Voters in Madison and Milwaukee have reaffirmed the state’s Election Day registration law, with an overwhelming majority supporting the practice in two advisory referendums on Tuesday’s ballot. Allowing voters to register on Election Day has helped Wisconsin achieve one of the highest voter turnout rates in the country — but some state Republicans have proposed rolling back the state’s highly successful law.
Advocates say the vote on the advisory referendum sends a message to Wisconsin Governor Scott Walker and legislative leaders that election day registration works well and should be retained. Around 82 percent of voters in Dane County (where Madison is located) supported Election Day registration, and 73 percent of Milwaukee voters backed it.
The Milwaukee Common Council and Dane County Board added the advisory referendums to the April 2 ballot after Governor Walker indicated support for ending election day registration in November 2011, followed by other top Republicans, including Assembly Speaker Robin Vos. Students, people of color, and the poor are most likely to register on election day — largely because they are more likely to have moved since the last time they voted — and proposals to end Election Day registration were considered part of the larger GOP push to rig the voting process for partisan gain.
Pew Charitable Trusts recently ranked Wisconsin as one of the highest-performing states in the nation during the 2008 and 2010 election cycles, and praised the Dairy State for allowing voters to register at the polls on election day, which has helped Wisconsin achieve the second-highest voter turnout rate in the nation. The other seven states that allow Election Day registration also rank among those with the highest turnout in the country.
In 1975, Wisconsin was one of the first states in the country to allow voters to register on election day, and in recent years others have been catching on: last year, California and Connecticut passed Election Day registration (but the laws have not yet taken effect), and fourteen other states are considering similar proposals this year.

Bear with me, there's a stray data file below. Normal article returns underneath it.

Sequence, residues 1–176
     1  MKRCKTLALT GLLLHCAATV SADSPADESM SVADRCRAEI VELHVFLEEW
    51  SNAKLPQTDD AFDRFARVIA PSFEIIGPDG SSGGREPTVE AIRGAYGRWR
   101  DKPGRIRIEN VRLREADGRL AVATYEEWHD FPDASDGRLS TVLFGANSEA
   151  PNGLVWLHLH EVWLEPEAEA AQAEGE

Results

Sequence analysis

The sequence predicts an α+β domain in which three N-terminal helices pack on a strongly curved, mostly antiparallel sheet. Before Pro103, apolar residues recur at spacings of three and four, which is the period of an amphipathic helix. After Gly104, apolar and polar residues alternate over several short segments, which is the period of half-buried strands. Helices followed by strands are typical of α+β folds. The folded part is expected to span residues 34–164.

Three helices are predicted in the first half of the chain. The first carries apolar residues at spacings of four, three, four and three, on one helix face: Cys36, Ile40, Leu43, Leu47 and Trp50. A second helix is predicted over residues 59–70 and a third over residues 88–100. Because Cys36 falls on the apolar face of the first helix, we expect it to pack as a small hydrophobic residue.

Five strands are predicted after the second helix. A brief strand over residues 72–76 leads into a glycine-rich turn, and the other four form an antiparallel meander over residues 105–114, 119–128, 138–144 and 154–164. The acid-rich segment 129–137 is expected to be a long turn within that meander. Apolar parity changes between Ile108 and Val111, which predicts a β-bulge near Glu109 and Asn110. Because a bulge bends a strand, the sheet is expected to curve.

In February, Wisconsin’s Government Accountability Board estimated that ending Election Day registration could cost $14.5 million. Walker backed off his support for any measure that cost that much, but Speaker Vos questioned the cost estimate.
Tuesday’s referendum votes are non-binding, but voting rights advocates hope the measure will put the nail in the coffin for proposals to end Wisconsin’s Election Day registration.
By: Brendan Fischer, The Center for Media and Democracy, April 3, 2013
“Overpaid And Underperforming”: Gov. Scott Walker Trusts Teachers With Guns, But Not With Collective Bargaining
Wisconsin Governor Scott Walker, who became nationally known for severely limiting the union rights of teachers and other public employees, has indicated support for arming those same school officials who apparently cannot be trusted to collectively bargain.
As Americans search for answers and policy solutions in the wake of the tragic school shooting in Newtown, Connecticut, Gov. Walker has apparently decided that the problem is not too many guns — it is that there are not enough.
Giving guns to teachers should be “part of the discussion,” he said on December 19. Walker refused to endorse an assault weapons ban or other limits on the types of guns or ammunition that can be sold.
Teachers Need Guns, Not Unions?
Walker’s infamous Act 10 legislation drastically curtailed the collective bargaining rights of most public employees in the state, prompting months of historic protests and a recall effort. The governor justified the harsh legislation — which he never mentioned during the campaign that installed him in office — largely by demonizing unionized teachers as overpaid and underperforming.
The six teachers killed in the Newtown massacre, all members of an American Federation of Teachers (AFT) union chapter, have been widely praised for their heroism, with many shot while trying to shield their students.
“This has kind of pulled the curtain away to show who teachers really are,” AFT President Randi Weingarten told In These Times’ Mike Elk. “Teachers’ instinct is to serve, to protect and to love. And you saw that in full view in Newtown this week.”
For Weingarten, the way to prevent additional mass shootings is not through arming teachers. Unions have historically not taken a position on gun issues, but in the wake of the Newtown massacre, AFT is now taking up support for gun control.
“Teachers lost their lives protecting their kids, lunging at a gunman with an assault weapon. We should be getting guns out of society,” she said.
Wisconsin Site of Two Mass Shootings in 2012, Walker Given NRA Award